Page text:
There are certain things I miss quite a lot.
One of them is the decline of the iconic Aussie Corner Shop.
You used to find at least a good half dozen of them in every suburb, perched on street corners, selling everything from newspapers to piping hot Big Ben meat pies.
In those days there were two types of sauce in enormous squeeze bottles kept on the counter. Tomato and Barbecue. You could squeeze as much as you wanted onto your pie and no one batted an eyelid. If the shopkeeper wasn’t looking you could do the combo squeeze where both flavours of sauce were squirted and combined. A pie eater’s dream.
The old corner shops looked something like this.
The ones in the inner city look more like this.
When I was a kid I used to spend my weekly pocket money of 30 cents on mixed lollies (Aussie for sweets or candy) and a chocolate or banana paddle pop.
When I was a kid the corner shops looked more like this.
But I will never forget the feeling of anticipation on a Sunday morning and walking into the cool interior of the shop, the ceiling fans whirring, the smell of fresh newsprint, strawberry bubblegum and the earthy, invigorating scent of potatoes just picked held in baskets under the counter.
People were sitting at the formica tables at the back drinking milkshakes in the stainless steel tumblers they were mixed in with bendy paper straws striped red and white. The milk was so cold they got a pain in their foreheads and had to stop glugging half way through even though they didn’t want to stop because the milkshake was so delicious.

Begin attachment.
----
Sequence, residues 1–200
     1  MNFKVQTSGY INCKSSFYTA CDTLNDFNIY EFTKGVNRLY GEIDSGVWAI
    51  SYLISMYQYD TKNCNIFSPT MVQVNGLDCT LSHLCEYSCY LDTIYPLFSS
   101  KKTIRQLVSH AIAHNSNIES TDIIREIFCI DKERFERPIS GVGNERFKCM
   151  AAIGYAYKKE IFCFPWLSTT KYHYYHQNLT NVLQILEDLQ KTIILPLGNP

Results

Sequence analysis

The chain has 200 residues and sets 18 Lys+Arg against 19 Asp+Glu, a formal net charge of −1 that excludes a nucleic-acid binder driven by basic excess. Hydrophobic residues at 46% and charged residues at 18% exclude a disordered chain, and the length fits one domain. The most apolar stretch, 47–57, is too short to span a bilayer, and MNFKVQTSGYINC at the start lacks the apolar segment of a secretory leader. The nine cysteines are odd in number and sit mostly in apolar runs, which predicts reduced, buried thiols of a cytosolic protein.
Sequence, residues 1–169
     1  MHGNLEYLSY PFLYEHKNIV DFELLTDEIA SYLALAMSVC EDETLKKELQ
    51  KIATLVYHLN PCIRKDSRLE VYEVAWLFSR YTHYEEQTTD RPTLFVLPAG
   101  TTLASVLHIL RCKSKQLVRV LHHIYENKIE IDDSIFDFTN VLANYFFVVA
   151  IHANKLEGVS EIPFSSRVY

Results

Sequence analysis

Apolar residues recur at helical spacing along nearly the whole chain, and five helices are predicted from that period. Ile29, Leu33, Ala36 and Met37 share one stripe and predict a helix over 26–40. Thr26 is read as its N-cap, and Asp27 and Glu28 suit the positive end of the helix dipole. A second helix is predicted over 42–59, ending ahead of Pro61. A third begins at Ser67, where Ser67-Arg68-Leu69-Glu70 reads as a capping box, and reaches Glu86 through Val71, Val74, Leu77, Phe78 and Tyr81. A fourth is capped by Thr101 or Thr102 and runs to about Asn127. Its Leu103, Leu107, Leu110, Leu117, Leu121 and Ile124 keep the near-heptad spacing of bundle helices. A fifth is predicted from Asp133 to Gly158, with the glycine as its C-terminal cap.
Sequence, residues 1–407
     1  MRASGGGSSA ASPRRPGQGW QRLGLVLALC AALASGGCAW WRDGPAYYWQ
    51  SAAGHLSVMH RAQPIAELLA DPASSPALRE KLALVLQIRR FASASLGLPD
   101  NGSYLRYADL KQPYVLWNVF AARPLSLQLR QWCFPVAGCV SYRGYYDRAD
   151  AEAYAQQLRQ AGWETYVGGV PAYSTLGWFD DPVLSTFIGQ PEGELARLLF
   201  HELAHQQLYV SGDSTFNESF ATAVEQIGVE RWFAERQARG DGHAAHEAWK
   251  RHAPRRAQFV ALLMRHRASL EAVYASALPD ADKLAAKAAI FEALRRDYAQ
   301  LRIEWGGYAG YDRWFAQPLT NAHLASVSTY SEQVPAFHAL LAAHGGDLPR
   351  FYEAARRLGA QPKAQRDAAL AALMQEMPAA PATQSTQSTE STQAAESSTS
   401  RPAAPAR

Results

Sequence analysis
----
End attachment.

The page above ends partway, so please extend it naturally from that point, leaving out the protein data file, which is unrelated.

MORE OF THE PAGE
Kids fought over jaffas, fantails and pineapple chunks. I refused to share my spearmint leaves or my ripe raspberries. I ate my Golden Rough before anyone could even blink.
And the Paddle Pop. Luscious, creamy and cool. The most delightful ice block of them all. A combination of chocolate mousse and mudcake on a stick. The banana one was out of this world, almost transporting you to a permanent state of euphoria.
The corner shops might be boarded up and fading away but the memories remain.
They can’t take that away from me.